breath. K. Rich. Marshal, demand of yonder cham- Lo, as at English feasts, so I regreet The cause of his arrival here in arms: (pion The daintiest last, to make the end most sweet. Ask him his name; and orderly proceed

O thou, the earthly author of my blood, To swear him in the justice of his cause.

(To GAUNT. Mar. In God's pame, and the king's, say who Whose youthful spirit, in me regenerate, thou art,

arms: Doth with a two-fold vigour lift me up And why thou com’st, thus knightly clad in To reach at victory above my head, Agaiust what man thou com'st, and what thy Add proof unto mine armour with thy prayers; quarrel:

And with thy blessings steel my lance's point, Speak truly, on thy knighthood, and thy oath ; That it may enter Mowbray's waxen* coat, And so defend thee heaven, and thy valour!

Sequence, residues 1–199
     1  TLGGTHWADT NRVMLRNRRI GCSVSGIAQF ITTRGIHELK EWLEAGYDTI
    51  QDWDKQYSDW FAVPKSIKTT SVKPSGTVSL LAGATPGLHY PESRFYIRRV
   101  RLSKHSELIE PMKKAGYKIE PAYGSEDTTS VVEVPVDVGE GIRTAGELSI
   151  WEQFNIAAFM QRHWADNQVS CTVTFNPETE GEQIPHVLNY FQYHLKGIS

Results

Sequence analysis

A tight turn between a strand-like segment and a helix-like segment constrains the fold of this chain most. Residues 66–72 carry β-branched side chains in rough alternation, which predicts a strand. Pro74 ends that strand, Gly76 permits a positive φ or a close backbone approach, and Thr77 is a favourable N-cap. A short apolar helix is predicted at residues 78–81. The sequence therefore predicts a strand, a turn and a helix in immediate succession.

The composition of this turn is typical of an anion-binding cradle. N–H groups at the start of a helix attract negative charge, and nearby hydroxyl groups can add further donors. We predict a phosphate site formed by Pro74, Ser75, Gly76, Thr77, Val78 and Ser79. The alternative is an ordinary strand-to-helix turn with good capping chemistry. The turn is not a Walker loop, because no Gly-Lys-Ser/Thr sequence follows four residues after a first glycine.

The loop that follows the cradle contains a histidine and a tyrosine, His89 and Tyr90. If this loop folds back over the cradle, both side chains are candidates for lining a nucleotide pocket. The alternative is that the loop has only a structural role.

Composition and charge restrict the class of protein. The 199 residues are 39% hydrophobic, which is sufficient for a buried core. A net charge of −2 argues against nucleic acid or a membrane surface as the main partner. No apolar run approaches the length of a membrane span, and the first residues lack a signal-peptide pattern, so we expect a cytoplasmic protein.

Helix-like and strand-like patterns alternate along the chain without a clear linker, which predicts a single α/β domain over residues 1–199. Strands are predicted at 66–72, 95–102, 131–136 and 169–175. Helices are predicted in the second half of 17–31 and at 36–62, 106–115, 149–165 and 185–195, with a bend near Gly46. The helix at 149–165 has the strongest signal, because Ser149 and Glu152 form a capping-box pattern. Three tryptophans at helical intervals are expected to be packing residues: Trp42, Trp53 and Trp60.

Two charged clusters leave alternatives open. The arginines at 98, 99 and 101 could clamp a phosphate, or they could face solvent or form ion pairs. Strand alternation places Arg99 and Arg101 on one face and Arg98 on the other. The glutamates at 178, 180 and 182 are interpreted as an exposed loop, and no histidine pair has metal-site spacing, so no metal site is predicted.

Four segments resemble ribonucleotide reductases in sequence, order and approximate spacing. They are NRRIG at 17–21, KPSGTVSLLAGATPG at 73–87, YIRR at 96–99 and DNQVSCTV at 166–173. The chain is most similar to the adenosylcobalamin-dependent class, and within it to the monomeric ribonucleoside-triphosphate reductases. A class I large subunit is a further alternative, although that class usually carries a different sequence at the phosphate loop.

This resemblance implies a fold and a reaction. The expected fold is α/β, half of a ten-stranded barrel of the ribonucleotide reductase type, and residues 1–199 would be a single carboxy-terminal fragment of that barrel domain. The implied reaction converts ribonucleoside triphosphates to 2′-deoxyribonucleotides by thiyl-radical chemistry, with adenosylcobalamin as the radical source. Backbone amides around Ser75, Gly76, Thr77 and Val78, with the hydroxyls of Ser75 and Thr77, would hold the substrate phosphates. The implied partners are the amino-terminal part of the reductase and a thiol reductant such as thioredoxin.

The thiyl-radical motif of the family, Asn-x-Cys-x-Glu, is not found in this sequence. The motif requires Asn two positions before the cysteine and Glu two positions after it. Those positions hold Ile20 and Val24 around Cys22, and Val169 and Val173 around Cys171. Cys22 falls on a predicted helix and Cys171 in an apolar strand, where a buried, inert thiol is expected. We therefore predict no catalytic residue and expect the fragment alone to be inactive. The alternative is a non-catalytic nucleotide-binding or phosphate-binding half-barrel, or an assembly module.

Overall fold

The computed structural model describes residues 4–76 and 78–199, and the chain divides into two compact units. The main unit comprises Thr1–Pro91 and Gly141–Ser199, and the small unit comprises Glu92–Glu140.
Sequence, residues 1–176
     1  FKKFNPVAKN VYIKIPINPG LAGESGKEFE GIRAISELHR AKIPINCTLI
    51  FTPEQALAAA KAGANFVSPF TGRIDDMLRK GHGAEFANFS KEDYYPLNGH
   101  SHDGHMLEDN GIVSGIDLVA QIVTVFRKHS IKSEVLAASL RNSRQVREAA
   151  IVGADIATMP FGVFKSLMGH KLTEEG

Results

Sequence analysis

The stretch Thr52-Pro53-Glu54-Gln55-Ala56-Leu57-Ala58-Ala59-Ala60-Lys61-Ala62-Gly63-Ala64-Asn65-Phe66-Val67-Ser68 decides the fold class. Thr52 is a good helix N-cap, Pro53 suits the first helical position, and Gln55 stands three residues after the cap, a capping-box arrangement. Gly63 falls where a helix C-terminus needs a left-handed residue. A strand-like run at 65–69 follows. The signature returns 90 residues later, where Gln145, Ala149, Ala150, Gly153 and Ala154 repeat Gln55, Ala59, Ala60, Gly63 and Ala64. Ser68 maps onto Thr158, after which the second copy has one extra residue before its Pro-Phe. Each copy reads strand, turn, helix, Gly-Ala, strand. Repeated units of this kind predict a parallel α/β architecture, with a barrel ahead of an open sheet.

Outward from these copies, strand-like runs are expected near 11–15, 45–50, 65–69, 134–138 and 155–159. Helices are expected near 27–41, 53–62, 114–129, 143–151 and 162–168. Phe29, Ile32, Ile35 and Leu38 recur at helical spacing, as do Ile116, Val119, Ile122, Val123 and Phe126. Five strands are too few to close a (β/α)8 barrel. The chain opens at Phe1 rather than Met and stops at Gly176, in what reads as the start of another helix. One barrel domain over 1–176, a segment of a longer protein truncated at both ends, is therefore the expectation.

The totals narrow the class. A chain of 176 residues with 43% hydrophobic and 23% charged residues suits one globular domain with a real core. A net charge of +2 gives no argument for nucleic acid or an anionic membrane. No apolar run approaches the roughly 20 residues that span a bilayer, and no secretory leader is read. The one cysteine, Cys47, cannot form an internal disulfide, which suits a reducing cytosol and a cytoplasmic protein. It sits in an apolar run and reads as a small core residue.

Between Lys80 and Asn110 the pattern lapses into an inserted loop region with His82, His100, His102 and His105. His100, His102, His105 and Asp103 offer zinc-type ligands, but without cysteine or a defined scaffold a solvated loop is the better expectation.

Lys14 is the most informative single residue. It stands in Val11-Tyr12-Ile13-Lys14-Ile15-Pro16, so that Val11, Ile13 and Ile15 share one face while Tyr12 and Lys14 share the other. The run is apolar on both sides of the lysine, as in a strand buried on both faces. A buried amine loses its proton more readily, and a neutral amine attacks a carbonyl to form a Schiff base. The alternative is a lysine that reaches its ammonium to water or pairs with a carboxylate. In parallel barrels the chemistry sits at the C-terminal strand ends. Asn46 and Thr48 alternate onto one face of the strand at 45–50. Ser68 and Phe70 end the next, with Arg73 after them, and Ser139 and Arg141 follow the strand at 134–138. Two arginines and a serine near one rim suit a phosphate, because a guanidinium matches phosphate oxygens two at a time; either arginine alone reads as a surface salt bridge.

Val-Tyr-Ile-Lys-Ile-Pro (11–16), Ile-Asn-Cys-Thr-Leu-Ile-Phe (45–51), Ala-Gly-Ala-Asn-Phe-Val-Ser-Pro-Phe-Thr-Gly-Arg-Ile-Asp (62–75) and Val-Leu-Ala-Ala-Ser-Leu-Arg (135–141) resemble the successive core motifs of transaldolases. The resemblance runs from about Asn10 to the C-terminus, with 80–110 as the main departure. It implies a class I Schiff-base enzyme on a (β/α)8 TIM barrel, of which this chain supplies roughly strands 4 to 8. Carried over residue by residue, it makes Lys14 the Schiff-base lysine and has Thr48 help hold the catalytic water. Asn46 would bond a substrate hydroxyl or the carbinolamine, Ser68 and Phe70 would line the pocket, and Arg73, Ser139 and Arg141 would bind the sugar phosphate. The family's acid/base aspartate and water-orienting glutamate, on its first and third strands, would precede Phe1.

And furbisht new the name of John of Gaunt, Nor. My name is Thomas Mowbray, duke Even in the lusty 'haviour of his son. of Norfolk;

Gaunt. Heaven in thy good cause make thee Who hither come engaged by my oath,

prosperous ! (Which, heaven defend, a knight should vio- Be swift like lightning in the execution ; Both to defend my loyalty and truth, [late!) And let thy blows, doubly redoubled, To God, my king, and my succeeding issue,

Fall like amazing thunder on the casquet Against the duke of Hereford that appeals me; of thy advérse pernicious enemy : [live. And, by the grace of God, and this mine arm, Rouse up thy youthful blood, be raliant and To prove him, in defending of himself,

Boling. Mine innocency, and Saint George

to thrive! A traitor to my God, my king, and me:

[He takes his seat. And, as I truly fight, defend me heaven ! Nor. (Rising.) However bearen, or fortune, (He takes his seal. cast my lot,


There lives or dies, true to king Richard's Trumpet sounds.- Enter BOLINGBROKE, in